As an attorney practicing both criminal defense and family law, I often handle cases in which one parent accuses the other of domestic violence. If my client has been accused, the question is always the same: can I lose custody of my children because of such accusations?
Arizona law no longer refers to “child custody.” Instead, parents have rights to: (a) legal decision-making authority (the right to make educational, religious, medical and similar decisions for your children), and (b) parenting time. Joint legal-decision making authority means that “neither parent’s or responsibilities are superior”. See Arizona Revised Statutes §25-401. Unless a parent has some specific physical or mental condition that inhibits his or her ability to make decisions for a child, joint legal decision-making authority will usually be awarded. Arizona Revised Statute §25-403.03(A) states that “joint legal decision-making shall not be awarded if the court makes a finding of the existence of significant domestic violence” (emphasis added).
Domestic violence encompasses a wide range of behavior. Some of this is stereotypical “wife-beater” behavior: physical abuse, sexual abuse, and the like. However, threatening and intimidating are also considered acts of domestic violence under Arizona’s statutory definitions. Thus, if a person has angry words with his or her spouse in a moment of frustration and leaves their spouse feeling threatened, that person has committed domestic violence. Is this enough to justify taking away legal decision-making authority?
The short answer is no, but the spouse can certainly try. In this situation, it is up to the judge to determine whether the alleged domestic violence rises to the level of “significant.” A single exchange of frustrated words will probably not qualify. If, on the other hand, one spouse alleges that the other yelled at him or her for several hours a day every day for twelve years, this could certainly be considered “significant” domestic violence.There is no single test for what makes domestic violence “significant.”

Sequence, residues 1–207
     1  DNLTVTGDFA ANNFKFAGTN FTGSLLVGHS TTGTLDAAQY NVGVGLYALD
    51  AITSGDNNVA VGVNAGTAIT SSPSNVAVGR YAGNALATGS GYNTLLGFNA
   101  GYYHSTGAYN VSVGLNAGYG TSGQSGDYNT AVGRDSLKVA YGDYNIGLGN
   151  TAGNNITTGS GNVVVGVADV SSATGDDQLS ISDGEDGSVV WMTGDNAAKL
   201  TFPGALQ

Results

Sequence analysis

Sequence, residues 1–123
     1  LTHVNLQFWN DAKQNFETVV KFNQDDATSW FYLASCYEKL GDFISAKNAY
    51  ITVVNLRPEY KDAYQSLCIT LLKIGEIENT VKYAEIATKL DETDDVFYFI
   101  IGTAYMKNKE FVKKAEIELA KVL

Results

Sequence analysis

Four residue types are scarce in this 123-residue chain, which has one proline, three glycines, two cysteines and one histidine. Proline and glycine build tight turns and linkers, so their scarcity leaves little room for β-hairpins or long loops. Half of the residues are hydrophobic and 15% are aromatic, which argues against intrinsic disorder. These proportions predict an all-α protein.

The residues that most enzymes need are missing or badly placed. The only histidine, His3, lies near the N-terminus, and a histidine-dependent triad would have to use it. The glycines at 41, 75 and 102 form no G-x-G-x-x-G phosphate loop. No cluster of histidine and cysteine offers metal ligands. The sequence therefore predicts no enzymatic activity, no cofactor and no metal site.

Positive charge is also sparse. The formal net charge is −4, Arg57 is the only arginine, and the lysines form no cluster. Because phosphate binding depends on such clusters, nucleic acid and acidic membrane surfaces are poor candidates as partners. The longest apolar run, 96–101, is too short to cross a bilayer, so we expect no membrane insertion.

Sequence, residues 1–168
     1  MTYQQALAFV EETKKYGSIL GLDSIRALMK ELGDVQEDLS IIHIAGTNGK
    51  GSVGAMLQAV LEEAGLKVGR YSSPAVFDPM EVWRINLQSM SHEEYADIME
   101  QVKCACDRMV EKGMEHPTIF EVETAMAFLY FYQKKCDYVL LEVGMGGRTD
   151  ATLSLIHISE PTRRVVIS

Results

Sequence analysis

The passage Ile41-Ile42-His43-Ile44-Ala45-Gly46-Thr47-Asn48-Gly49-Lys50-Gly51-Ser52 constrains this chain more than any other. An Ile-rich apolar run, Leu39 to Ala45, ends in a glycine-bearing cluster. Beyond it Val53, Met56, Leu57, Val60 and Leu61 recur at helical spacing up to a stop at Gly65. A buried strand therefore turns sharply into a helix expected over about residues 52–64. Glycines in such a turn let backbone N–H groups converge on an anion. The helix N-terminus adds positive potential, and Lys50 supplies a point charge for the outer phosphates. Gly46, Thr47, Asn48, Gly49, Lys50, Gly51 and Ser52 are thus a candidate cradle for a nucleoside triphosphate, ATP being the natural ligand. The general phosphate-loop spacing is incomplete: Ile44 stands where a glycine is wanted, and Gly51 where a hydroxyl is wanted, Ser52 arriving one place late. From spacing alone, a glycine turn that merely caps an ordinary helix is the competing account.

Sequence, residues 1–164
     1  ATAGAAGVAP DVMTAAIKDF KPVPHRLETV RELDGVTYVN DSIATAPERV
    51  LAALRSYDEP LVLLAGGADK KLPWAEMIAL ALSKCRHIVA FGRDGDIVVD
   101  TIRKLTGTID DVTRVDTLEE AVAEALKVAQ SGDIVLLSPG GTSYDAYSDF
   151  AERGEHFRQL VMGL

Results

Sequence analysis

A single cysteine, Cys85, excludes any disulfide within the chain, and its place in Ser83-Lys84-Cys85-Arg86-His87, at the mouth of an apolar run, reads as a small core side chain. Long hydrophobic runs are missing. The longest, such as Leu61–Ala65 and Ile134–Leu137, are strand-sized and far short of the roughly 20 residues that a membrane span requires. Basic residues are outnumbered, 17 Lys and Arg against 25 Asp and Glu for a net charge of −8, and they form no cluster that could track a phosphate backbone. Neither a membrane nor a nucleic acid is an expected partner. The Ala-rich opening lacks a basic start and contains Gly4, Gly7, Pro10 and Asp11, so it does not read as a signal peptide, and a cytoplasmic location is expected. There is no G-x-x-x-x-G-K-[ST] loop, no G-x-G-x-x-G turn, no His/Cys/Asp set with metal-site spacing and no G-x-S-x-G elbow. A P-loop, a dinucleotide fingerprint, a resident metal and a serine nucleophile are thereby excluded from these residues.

Further complicating this issue is the lack of witnesses to domestic violence: usually, there are no witnesses other than the parents themselves. In this case, a judge will hear a “he said/she said” version of events, and be forced to determine which parent is telling the truth. This makes it even more difficult to prove that significant domestic violence did – or did not – occur.
If you are ever confronted with allegations of domestic violence, there is the potential for both criminal charges and the loss of parental rights. The experienced family law attorneys and criminal defense attorneys at Rowley Chapman & Barney can protect your interests in both the criminal and family courts.